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How exactly is Obamacare going to affect your taxes? (Q&A)

One of the most controversial provisions of the Affordable Care Act (ACA) is that most Americans must purchase health insurance or pay a penalty. This penalty comes in the form of a tax. For 2014, an individual who chooses not to buy health insurance will pay a penalty of $95, or 1 percent of his or her income, whichever is higher.

Obamacare-tax-issueHowever, this isn’t the only tax concern raised by Obamacare, and many consumers are confused about what the new law means for their bottom line. spoke with Theodore Seto, professor of law at Loyola Law School in Los Angeles, California to learn more about how the Affordable Care Act will affect your taxes.  

What is the Obamacare individual mandate and what does it mean for the average consumer?

The individual mandate is a requirement that all eligible Americans have at least basic health coverage. Since most Americans get health insurance   through an employer,  the individual mandate won’t affect the majority of consumers.

But it will impact those who are unemployed, underemployed, or self-employed. If you don’t have health insurance or have a policy that doesn’t provide basic health coverage, as required by the ACA, you must get coverage. Unless you’re exempt from the health care law, you must  purchase a qualified health plan. In other words, if your insurance is too skimpy to meet the minimum standards of the ACA, you’ll have to upgrade your policy.

What is the tax for violating the Obamacare individual mandate and how will it be spent?

An individual who fails to comply with the individual mandate is required to pay an additional income tax at a rate of one percent in 2014, rising to 2.5 percent in 2016. This additional income tax is subject to both a floor and a cap.

First, the floor: the additional tax can’t be less than $695 in 2016, with a smaller floor for children and an overall cap per family.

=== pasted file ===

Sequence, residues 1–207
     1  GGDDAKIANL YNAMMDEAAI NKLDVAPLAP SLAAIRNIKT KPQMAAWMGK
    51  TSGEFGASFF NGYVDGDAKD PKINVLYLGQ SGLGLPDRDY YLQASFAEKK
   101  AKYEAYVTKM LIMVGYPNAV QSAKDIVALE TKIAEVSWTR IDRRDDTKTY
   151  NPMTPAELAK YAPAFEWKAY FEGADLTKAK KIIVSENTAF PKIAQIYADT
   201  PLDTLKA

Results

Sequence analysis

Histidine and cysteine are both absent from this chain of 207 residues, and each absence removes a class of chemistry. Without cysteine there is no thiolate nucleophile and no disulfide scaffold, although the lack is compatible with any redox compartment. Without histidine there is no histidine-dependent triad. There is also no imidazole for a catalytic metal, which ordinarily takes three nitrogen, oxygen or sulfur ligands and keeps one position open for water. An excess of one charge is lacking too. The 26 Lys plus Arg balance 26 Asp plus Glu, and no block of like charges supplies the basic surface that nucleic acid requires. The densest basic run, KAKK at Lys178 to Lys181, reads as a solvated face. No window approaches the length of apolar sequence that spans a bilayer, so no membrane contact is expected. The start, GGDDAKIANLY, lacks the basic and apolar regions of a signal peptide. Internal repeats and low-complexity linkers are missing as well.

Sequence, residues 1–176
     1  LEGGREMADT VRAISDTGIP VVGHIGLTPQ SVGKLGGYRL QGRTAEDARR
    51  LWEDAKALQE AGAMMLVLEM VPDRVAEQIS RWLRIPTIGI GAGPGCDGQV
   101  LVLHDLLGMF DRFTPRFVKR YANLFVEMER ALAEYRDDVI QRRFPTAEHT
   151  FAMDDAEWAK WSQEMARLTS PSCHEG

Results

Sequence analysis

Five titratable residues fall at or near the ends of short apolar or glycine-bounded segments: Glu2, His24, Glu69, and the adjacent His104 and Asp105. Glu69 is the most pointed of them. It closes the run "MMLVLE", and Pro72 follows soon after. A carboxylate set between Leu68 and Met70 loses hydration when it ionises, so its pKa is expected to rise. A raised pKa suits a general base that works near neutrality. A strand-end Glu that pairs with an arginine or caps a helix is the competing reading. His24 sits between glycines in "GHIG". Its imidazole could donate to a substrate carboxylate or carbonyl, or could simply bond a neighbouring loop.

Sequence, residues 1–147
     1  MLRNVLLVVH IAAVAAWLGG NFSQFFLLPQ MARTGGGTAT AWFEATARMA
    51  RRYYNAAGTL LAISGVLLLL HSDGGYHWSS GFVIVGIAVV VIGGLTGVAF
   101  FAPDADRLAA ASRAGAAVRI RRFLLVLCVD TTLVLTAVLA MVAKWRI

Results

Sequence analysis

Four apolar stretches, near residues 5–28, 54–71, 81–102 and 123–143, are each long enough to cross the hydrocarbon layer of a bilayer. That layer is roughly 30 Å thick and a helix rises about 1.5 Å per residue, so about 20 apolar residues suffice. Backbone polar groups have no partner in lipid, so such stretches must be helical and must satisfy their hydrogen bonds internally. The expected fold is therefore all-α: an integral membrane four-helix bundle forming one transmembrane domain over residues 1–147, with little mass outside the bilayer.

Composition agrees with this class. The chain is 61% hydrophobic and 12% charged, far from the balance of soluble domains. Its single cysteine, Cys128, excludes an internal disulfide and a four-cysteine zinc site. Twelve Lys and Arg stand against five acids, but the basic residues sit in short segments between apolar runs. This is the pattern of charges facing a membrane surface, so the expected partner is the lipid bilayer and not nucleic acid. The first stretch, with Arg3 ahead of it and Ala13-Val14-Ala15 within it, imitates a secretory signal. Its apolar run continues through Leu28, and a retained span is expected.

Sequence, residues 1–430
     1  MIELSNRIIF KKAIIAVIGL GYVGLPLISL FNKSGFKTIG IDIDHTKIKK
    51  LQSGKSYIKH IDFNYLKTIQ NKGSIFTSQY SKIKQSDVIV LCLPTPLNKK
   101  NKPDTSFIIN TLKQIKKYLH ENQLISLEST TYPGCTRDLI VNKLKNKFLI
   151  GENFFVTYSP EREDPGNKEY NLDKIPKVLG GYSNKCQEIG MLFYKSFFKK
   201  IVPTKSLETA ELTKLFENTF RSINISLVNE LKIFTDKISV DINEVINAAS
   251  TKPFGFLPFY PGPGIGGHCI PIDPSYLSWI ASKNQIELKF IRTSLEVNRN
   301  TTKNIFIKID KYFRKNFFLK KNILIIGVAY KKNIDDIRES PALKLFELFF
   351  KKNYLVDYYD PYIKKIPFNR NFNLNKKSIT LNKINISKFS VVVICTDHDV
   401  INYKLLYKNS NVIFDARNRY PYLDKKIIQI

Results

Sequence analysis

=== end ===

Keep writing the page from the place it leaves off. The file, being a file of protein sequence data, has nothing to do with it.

Second, the cap: the total additional tax cannot exceed the national average of the annual premiums of a "bronze level" health insurance plan. This additional income tax will ordinarily be reported and paid when the individual files his or her income tax return each year.

Any revenues collected as a result go into the government’s general fund, which is  the same place other income taxes go.

Who is exempt from the Obamacare individual mandate?

The most important exemptions are for:

  • members of certain religious groups and Native American tribes
  • undocumented immigrants
  • prisoners
  • individuals with income too low to file an income tax return ($10,000 for single filers and $20,000 for joint filers for 2013).
  • those who would have to pay more than 8 percent of household income for coverage

Will the Obamacare individual mandate motivate uninsured Americans to buy health insurance?

No one knows for sure, but Americans tend to be law-abiding. So  a large percentage of uninsured Americans who are not exempt from the mandate will likely comply with it.

Other provisions of the ACA will make it much easier for uninsured Americans to buy health insurance. For example, there are no annual or lifetime limits on benefits, you can’t be denied coverage for being  sick or injured, nor can you be charged more due to a preexisting medical condition.

In the past, these issues often kept Americans from getting health coverage. The ACA will also require benefits to be explained in easy-to-compare formats. In the past, it was often hard to tell whether one plan was more consistent with a consumer’s needs than another. By solving these problems, the ACA makes it more likely that uninsured Americans will buy health insurance.

How do the health care tax credits work and who can claim them?

The amount of financial assistance you can get in the form of a tax credit depends on your income, the number of people in your family,  and whether you can get coverage through an employer.  Generally, the tax credits are limited to individuals and families with income less than 400 percent of the federal poverty level. For  2013, this comes to $23,550 for an individual or $94,200 for a family of four.

What happens if a taxpayer claims a health insurance tax credit in error?

The health insurance tax credit is subject to audit and adjustment just like any other entry on your tax return. If you mistakenly claim a tax credit that’s too high, you’ll be required to repay the amount you received in error.

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